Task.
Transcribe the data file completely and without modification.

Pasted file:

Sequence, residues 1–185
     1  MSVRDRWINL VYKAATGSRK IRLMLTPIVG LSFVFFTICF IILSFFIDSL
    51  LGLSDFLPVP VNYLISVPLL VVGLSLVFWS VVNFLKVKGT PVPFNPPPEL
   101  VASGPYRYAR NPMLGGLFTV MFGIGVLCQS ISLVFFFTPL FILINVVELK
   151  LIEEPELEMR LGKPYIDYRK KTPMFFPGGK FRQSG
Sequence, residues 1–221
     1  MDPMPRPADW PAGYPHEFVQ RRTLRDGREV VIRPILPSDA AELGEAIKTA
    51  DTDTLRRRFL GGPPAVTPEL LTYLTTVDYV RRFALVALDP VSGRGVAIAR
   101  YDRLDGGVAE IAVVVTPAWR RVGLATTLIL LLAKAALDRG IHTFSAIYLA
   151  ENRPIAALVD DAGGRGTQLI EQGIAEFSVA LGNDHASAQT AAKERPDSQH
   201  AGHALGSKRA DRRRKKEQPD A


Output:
Sequence, residues 1–185
     1  MSVRDRWINL VYKAATGSRK IRLMLTPIVG LSFVFFTICF IILSFFIDSL
    51  LGLSDFLPVP VNYLISVPLL VVGLSLVFWS VVNFLKVKGT PVPFNPPPEL
   101  VASGPYRYAR NPMLGGLFTV MFGIGVLCQS ISLVFFFTPL FILINVVELK
   151  LIEEPELEMR LGKPYIDYRK KTPMFFPGGK FRQSG
Sequence, residues 1–221
     1  MDPMPRPADW PAGYPHEFVQ RRTLRDGREV VIRPILPSDA AELGEAIKTA
    51  DTDTLRRRFL GGPPAVTPEL LTYLTTVDYV RRFALVALDP VSGRGVAIAR
   101  YDRLDGGVAE IAVVVTPAWR RVGLATTLIL LLAKAALDRG IHTFSAIYLA
   151  ENRPIAALVD DAGGRGTQLI EQGIAEFSVA LGNDHASAQT AAKERPDSQH
   201  AGHALGSKRA DRRRKKEQPD A